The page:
- The Washington Times - Thursday, January 29, 2004

From combined dispatches

SEOUL — South Korea played down a North Korean offer to provide missile technology to Nigeria, saying yesterday it was a tactic to gain leverage ahead of a second round of talks on the North’s nuclear weapons programs.

A Nigerian government spokesman said Wednesday his country had a memorandum of understanding with North Korea to share missile technology, but said no hardware acquisitions had yet been made or decided.

Kim Kisu, second secretary of the North Korean Embassy in Nigeria’s capital Abuja, later said no deal had been closed.

South Korean Unification Minister Jeong Se-hyun said it remained unclear whether Nigeria had accepted the offer, but he did not think the issue would cause many problems.

“I see it as a tactic by North Korea to arouse anxiety from the United States ahead of the second round of six-nation talks,” Mr. Jeong said in a briefing.

North Korea is known to try to raise stakes ahead of crucial talks to gain leverage.

Chinese Foreign Ministry spokeswoman Zhang Qiyue said her government “noted” Nigeria’s assertion that its trade with North Korea is unrelated to nuclear weapons or weapons of mass destruction.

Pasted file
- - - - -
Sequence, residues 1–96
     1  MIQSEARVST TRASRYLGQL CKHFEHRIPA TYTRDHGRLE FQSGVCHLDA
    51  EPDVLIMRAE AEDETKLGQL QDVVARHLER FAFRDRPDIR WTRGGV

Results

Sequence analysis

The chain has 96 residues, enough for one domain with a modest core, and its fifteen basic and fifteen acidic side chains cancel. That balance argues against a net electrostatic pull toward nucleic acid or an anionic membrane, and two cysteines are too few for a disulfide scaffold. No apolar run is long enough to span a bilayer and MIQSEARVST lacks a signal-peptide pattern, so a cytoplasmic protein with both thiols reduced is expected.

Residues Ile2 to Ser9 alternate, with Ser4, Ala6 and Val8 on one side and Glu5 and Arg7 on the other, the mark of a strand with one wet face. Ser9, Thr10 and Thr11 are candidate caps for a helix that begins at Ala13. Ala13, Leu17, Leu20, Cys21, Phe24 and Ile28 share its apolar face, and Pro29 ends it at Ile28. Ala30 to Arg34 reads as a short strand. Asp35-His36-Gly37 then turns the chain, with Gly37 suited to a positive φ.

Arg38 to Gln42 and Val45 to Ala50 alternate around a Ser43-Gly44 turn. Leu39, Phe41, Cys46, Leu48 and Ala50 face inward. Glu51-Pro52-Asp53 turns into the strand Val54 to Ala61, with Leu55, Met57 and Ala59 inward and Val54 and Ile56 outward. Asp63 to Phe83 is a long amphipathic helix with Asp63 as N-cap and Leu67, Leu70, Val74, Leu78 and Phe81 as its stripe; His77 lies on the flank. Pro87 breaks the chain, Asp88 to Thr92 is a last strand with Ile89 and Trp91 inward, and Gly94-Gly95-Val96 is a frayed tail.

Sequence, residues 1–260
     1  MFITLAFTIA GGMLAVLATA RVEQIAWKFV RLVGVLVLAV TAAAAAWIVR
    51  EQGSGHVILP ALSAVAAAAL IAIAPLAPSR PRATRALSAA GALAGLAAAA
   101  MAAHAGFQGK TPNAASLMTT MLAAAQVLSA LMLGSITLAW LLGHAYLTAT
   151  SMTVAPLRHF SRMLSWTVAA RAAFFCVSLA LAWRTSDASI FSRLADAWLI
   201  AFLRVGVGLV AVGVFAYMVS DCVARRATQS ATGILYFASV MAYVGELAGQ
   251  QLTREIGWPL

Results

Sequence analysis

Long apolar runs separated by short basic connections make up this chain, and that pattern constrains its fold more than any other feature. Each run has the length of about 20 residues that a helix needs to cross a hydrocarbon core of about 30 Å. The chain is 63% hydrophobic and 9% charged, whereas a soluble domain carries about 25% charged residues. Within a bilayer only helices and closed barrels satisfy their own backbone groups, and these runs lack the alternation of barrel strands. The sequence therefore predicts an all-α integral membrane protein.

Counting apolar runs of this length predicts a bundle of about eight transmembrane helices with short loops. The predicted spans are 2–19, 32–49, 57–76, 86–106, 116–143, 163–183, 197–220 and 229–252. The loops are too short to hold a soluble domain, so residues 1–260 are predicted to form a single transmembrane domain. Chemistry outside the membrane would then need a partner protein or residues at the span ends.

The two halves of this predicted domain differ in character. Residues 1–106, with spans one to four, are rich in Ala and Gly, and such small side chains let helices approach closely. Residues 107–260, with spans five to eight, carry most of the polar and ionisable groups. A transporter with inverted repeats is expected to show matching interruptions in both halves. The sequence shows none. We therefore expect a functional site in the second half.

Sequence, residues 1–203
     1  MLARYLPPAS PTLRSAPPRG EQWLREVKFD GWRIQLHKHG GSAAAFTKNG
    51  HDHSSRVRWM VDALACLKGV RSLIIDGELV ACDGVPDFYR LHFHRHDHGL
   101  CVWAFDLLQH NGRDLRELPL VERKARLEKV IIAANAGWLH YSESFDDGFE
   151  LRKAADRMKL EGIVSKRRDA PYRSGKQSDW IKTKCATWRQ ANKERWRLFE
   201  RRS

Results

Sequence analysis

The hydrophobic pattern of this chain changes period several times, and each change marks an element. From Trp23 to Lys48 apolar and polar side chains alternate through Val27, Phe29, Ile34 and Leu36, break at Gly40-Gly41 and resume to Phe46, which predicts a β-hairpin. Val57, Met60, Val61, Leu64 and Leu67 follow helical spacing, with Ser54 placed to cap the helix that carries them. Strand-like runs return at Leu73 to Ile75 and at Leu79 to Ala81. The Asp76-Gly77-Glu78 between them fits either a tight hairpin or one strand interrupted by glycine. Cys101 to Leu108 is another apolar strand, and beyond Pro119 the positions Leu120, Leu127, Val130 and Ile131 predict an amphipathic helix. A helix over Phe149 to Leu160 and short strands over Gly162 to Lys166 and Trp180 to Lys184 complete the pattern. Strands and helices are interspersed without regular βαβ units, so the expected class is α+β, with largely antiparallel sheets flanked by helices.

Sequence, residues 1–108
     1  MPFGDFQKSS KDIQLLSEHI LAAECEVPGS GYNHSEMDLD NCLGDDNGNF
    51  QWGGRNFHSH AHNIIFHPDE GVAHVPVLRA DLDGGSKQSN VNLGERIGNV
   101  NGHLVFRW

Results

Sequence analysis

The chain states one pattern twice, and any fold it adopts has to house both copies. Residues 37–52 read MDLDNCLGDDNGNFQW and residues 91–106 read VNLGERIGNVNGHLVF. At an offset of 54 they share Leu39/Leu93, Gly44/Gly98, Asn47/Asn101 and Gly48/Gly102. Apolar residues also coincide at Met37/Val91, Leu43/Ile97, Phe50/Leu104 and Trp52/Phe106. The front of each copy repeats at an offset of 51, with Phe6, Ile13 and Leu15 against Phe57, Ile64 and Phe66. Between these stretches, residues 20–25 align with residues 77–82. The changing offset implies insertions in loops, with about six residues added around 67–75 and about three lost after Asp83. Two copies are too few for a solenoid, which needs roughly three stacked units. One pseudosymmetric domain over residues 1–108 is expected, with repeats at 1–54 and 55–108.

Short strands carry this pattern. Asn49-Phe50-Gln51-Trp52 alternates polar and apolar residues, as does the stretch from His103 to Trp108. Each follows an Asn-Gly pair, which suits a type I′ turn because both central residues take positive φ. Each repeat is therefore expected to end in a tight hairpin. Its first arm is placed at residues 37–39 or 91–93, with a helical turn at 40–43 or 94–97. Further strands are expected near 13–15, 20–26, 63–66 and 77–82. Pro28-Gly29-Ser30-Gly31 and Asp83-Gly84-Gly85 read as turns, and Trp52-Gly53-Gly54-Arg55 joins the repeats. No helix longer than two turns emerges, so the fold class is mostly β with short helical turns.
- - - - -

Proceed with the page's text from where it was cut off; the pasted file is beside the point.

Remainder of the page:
“We attach importance to this question, and we oppose the proliferation of nuclear weapons and delivery systems,” she said.

Efforts are under way to reopen a second round of talks on the North Korean nuclear crisis. The first round, involving the United States, China, Japan, Russia and the two Koreas, ended without much progress in August.

A Chinese Foreign Ministry spokeswoman said yesterday that diplomats have been working through the Lunar New Year holiday and “busily preparing” for the next round of talks, but no date has been set.

Deputy Secretary of State Richard Armitage, who arrived in Beijing yesterday, said he hoped to resume the six-way talks next month, but the timing depends on North Korea.

“I think February is a possibility, but of course the answer to this question resides in Pyongyang and not here,” Mr. Armitage told reporters.

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